Autonomy is the buzzword these days. Employees all say they want it(1). Employers tell you they give it.

But then why does almost every cold message I get on LinkedIn and every interview I have with potential hires tell me that they're looking for autonomy in their work?

Probably because in most cases it doesn't really exist.

Autonomy, in a work context, means having the power to do what's right for the company without any sort of approval from a higher-up.

That doesn't mean you don't discuss the correct path with your coworkers, or that you don't make compromises to find some sort of healthy middle ground.

But it does mean that you're not waiting for permission all the time, and that your manager isn't a blocker to you getting the thing done.

And in my experience, that's rare.

People who want to work at PostHog talk about our autonomous culture a lot - and they want to know if it's real. Does the handbook actually represent reality?

We had a situation this week that made the level of our autonomy super clear. We accidentally some dropped data for a $30k ARR customer due to some manual mistakes complemented with a small billing bug. With no involvement from execs or "managers"(2), we:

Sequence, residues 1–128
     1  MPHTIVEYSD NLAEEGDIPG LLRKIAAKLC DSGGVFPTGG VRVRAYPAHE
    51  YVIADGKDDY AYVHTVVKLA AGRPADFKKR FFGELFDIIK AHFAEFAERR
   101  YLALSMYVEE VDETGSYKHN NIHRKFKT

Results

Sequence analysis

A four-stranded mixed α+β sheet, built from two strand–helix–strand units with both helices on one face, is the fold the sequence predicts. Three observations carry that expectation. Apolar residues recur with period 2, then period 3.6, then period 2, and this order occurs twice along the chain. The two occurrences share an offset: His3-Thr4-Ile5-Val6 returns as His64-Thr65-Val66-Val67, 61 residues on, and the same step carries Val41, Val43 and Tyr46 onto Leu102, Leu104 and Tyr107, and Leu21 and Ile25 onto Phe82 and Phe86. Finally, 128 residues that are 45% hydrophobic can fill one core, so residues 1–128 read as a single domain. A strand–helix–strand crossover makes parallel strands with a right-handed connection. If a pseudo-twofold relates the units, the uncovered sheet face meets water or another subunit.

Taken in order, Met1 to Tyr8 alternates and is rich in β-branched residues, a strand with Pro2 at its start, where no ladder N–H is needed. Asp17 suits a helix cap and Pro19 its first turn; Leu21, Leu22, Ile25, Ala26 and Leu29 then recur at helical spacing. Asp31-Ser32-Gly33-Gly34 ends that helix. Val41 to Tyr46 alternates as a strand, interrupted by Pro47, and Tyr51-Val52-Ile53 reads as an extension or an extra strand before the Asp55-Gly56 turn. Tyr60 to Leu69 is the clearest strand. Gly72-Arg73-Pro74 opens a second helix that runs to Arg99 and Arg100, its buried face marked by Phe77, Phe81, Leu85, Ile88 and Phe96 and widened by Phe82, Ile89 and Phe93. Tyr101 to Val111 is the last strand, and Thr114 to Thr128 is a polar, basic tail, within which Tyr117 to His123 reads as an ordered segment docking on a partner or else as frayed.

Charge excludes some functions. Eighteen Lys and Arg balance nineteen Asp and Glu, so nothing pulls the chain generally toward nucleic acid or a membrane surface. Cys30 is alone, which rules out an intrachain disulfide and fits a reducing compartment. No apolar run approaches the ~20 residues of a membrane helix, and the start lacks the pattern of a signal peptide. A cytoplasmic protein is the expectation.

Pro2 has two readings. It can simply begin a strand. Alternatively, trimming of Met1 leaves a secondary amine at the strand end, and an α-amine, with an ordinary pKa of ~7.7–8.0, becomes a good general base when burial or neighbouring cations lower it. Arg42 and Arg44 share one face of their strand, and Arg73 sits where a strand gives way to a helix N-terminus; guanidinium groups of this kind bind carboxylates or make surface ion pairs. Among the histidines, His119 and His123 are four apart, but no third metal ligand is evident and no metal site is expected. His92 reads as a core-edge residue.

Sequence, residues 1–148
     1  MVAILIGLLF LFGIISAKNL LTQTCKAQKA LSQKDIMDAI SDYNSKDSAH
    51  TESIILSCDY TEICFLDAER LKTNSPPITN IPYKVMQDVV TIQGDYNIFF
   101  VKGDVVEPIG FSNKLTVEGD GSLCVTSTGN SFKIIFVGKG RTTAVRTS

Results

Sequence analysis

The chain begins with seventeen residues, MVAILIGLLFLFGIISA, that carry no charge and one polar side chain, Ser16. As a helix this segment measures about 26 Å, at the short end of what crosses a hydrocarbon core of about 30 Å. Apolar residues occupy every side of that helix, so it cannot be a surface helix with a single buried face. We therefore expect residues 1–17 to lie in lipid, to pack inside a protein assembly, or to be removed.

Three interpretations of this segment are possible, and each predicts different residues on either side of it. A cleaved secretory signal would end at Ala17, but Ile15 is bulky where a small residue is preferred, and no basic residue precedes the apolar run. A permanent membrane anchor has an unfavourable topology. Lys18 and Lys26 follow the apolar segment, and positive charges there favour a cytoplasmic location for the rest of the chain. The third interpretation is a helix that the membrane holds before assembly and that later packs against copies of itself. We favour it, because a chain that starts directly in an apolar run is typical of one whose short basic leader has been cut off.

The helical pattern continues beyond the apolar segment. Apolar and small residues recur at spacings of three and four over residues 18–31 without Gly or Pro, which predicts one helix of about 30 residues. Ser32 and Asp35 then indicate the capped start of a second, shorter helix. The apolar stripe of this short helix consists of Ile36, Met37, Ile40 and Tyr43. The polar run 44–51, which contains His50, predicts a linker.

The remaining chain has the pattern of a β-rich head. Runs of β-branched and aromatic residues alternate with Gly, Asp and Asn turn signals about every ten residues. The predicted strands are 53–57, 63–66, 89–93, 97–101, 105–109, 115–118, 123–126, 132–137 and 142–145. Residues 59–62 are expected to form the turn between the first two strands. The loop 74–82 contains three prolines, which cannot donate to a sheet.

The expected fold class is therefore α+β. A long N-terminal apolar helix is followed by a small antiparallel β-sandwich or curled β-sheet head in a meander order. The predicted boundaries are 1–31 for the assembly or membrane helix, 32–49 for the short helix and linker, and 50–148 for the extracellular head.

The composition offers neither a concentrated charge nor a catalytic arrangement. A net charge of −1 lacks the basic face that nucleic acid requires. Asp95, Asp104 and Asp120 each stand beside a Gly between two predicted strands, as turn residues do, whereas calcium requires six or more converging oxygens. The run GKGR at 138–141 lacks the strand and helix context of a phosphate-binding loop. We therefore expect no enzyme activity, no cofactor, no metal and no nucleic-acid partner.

• Talked to the customer.
  • Fixed the bug.
  • Reprioritized pipeline work to make sure this never happens again.
  • Decided to spend money to see if we could recover the data (couldn't, unfortunately).

No one pinged the CTO or CEO (which would be common at other 40-person startups). No one asked for permission. We just did what needed to be done. Obviously they will be briefed, but there was no waiting around for permission.

That is autonomy.

I've had semi-autonomy at one job, almost none at two others, and this degree of autonomy at only one (PostHog). It's pretty special, and if you can find a place to support it, it feels magical.


(1) IMO autonomy is not meant for all. Some people struggle with making quality decisions in certain areas, or with making decisions in general.

(2) Team leads were the ones involved in this situation, but they aren't technical managers. They are ICs who help guide the team but don't approve work.